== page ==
Every November 19, Belize celebrates what is known as Garifuna Settlement Day. As one of our many vibrant cultures, the Garifuna settled onto the shores of Belize on November 19, 1802. Since then, every year gearing up to the national holiday are week-long celebrations involving festive foods, Garifuna drumming and lots of dancing. If you’ve been lucky enough to witness either the re-enactment in Dangriga Town or participate in a drum filled beach dance-off, you know what it’s like to have all that pulsing energy surround you. While some have already made sure to book their flight just in time for Garifuna Settlement Day, here’s an alternative for those staying put. Check out this list of ways you can celebrate with us from home.
- Cook a traditional dish. Nothing says November 19 like a big, fresh bowl of Hudut. This coconut-based fish soup is a must on Garifuna Settlement Day, and while you may not have a giant mortar-and-pestle to mash those plantains the traditional way, we’re sure your dish will still come out delicious. Check out this recipe here.
- Practice your punta. The Garifuna culture holds many different dances, with different meanings, often paired with specific drum beats. If you plan to join in on your next Garifuna Settlement Day, make sure to practice some punta at home. Hint: it’s all in the hips! Check out a quick reference here.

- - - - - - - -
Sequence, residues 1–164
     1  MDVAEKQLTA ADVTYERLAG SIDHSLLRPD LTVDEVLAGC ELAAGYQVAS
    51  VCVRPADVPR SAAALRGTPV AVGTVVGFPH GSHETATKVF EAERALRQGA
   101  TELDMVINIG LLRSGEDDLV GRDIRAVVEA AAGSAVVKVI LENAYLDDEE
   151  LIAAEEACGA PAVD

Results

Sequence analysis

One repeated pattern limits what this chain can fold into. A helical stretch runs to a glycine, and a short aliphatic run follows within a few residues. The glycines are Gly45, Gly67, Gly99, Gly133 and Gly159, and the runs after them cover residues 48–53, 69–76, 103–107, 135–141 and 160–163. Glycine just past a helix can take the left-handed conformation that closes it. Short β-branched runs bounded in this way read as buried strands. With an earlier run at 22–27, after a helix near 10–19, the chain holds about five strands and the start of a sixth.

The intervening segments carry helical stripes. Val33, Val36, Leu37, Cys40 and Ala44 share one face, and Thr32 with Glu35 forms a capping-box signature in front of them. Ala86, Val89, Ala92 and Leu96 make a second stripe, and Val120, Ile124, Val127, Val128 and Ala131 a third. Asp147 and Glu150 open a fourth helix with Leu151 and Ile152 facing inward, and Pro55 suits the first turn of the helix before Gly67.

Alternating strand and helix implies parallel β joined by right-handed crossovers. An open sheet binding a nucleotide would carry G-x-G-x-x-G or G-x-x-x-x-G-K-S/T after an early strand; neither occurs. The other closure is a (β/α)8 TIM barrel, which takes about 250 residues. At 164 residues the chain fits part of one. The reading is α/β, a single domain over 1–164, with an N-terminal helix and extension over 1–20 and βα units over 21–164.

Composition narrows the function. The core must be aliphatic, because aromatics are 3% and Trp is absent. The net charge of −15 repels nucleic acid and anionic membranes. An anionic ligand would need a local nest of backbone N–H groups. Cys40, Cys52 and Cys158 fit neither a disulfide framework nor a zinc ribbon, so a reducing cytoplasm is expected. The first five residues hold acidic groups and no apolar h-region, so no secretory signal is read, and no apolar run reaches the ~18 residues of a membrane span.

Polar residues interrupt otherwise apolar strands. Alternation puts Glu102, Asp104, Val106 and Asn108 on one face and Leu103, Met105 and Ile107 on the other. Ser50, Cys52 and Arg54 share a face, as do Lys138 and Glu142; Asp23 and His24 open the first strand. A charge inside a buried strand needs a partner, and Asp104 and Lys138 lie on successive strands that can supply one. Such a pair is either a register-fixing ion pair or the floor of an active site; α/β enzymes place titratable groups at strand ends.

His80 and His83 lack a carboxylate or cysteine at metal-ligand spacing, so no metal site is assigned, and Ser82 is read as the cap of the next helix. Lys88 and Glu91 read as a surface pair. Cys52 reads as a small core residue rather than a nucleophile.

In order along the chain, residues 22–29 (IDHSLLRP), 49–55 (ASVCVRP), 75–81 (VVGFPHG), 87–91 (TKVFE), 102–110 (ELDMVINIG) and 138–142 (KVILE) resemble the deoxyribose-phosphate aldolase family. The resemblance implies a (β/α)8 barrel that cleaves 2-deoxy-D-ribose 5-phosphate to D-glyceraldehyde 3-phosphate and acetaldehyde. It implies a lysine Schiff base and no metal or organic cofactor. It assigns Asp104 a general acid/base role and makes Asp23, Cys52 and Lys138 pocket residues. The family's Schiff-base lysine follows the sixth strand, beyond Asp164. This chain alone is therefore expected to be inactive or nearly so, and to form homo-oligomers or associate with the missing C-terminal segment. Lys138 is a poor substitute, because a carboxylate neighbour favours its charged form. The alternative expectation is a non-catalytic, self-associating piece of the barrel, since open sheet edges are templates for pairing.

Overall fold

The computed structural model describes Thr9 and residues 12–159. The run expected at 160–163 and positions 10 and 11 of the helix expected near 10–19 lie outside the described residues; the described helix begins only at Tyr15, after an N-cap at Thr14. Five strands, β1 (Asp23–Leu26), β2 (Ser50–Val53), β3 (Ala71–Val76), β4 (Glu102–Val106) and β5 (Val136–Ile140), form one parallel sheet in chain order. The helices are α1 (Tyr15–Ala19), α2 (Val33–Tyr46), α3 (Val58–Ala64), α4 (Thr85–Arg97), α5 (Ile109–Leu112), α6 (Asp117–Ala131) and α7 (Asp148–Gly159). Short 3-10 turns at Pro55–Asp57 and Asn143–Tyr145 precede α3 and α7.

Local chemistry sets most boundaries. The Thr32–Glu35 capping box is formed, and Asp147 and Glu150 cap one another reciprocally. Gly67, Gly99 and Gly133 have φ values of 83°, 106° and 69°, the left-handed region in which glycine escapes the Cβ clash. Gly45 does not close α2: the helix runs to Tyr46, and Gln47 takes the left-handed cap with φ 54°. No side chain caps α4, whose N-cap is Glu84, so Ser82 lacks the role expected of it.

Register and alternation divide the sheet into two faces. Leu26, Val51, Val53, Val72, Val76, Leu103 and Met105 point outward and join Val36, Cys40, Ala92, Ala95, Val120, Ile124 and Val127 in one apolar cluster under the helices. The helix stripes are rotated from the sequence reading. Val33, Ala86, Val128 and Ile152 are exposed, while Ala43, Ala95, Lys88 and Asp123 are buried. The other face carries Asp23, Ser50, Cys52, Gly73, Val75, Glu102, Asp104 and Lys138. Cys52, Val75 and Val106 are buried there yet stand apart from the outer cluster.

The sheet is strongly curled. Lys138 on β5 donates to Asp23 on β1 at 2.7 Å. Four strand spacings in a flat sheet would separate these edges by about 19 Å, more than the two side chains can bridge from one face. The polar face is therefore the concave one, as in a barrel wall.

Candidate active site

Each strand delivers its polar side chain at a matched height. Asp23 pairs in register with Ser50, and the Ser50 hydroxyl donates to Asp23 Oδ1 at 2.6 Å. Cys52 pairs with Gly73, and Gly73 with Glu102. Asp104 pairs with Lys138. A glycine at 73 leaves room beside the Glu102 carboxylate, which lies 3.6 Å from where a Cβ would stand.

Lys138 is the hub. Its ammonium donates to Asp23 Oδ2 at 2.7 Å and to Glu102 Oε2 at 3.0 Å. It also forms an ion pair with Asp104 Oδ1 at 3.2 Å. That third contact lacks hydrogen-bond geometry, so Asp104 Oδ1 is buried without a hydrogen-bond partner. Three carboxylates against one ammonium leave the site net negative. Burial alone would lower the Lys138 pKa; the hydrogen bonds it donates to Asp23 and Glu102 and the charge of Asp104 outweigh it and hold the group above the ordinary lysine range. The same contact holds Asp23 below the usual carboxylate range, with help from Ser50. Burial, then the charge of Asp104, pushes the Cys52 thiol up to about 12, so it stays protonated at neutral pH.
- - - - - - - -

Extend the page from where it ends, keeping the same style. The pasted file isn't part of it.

- Listen on Spotify. Unbeknownst to many, you can find Garifuna artists on Spotify! Support local Belizean artists by adding their hits to your library, perfect to help you practice your punta dancing. Here’s a great playlist to give a listen.
- Practice your Garifuna. Buiti Bunafi! That’s ‘good morning’ in Garifuna, a common greeting among Garinagus. Practice perfecting this simple phrase and many others, so when in any of the Garifuna-centered towns in Belize, you’ll be able to greet others, making their day.
- Virtual experience. When all else fails, immerse yourself virtually! Check out this vivacious performance from one of our local Garifuna groups as they display traditional dances and drumming. These performances are often mesmerizing, and while you may not be seeing it in person, watching it elicits almost the same effect. Here’s a short live performance a group in Hopkins was able to share with us.
For more information on the cultures in Belize, email us at firstname.lastname@example.org or call us toll-free at 1-800-624-0686.